Air Force Base (D-M) is known mainly for its role as the boneyard for combat and civil aircraft that reach the end of their service life. New arrivals expected here soon are 18 Thunderbolt II close air support aircraft, to be removed from active units and placed here in ‘Backup-Aircraft Inventory’ (BAI) status with the possibility to convert another 18 at a later date in fiscal year 2015. The s will join thousands of other aircraft parked here, slowly disintegrating into scrap under the desert sun.
But for some there is resurrection. One of the lucky ones was B-52 Stratofortress called ‘Ghost Rider’ took to the sky after spending seven years in the boneyard. Tail number 61-1007′ Ghost Rider’ was not the average ‘guest’ at D-M. It was maintained at 1000-type storage, which is the most preserved level of aircraft storage. In late 2014, seven years after arriving at D-M, this bomber was chosen to rejoin the Air Force Global Strike Command (AFGSC).
“It was chosen after thorough inspections and extensive engineering analysis,” said Capt. Chuck McLeod, the B-52 System Project Office team lead. Although well preserved, the blazing hot Arizona sun took its toll on the dormant aircraft bleaching sections of its exposed aluminum skin almost white, and causing the tires and major fuel lines to dry rot.
Through the return to flight process technicians at the 309th Aerospace Maintenance and Regeneration Group replaced fuel bladders and lines were replaced, and by the end of January the crew successfully ran of all eight engines.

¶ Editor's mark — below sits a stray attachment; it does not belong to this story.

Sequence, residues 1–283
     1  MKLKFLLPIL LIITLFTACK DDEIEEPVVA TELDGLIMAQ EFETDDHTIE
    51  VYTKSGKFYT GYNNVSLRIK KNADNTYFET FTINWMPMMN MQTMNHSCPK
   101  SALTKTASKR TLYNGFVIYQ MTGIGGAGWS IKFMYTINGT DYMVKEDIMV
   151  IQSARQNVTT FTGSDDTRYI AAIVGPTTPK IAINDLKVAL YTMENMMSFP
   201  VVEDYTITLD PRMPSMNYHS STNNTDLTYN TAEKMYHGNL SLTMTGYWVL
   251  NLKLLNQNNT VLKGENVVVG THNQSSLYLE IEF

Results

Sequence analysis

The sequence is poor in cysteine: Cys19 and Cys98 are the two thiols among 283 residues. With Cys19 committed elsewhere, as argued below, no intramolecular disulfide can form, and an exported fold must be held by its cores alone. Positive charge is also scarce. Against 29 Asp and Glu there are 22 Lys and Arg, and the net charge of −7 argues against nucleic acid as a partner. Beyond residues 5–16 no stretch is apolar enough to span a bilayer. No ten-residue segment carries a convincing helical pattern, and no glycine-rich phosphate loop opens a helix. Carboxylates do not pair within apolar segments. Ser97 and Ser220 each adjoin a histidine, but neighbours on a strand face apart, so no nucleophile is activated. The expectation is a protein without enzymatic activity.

“I’ve been flying the B-52s since the 80s and it surprised me that after almost seven years… she cranked up just fine and we had no issues with the flight control systems.”said the pilot Col. Keith Schultz, 307th Operations Group commander and the most experienced B-52 pilot still flying in the Air Force.
Another recent celebration at D-M was the Heritage Flight Training Certification Course (), held Feb. 27 – March 1. provided an opportunity to see WWII, Korea and Vietnam veteran planes flying with the latest air force jets. This annual aerial demonstration training event has been held at D-M since 2001, providing civilian and military pilots the opportunity to practice flying in formation for the upcoming air show season.
The aircraft that participated in this year’s HFTCC were the historic P-51 Mustang, P-40 Warhawk, P-38 Lightning, P-47 Thunderbolt and the F-86 Sabre. Air Combat Command aircraft included the F-22 Raptor and the F-16 Fighting Falcon. Established in 1997, the HFTCC features aerial demonstrations from historical and modern fighter aircraft which will fly in formation together during air shows across the country.
Check more excellent photos and live reports on D-M facebook page.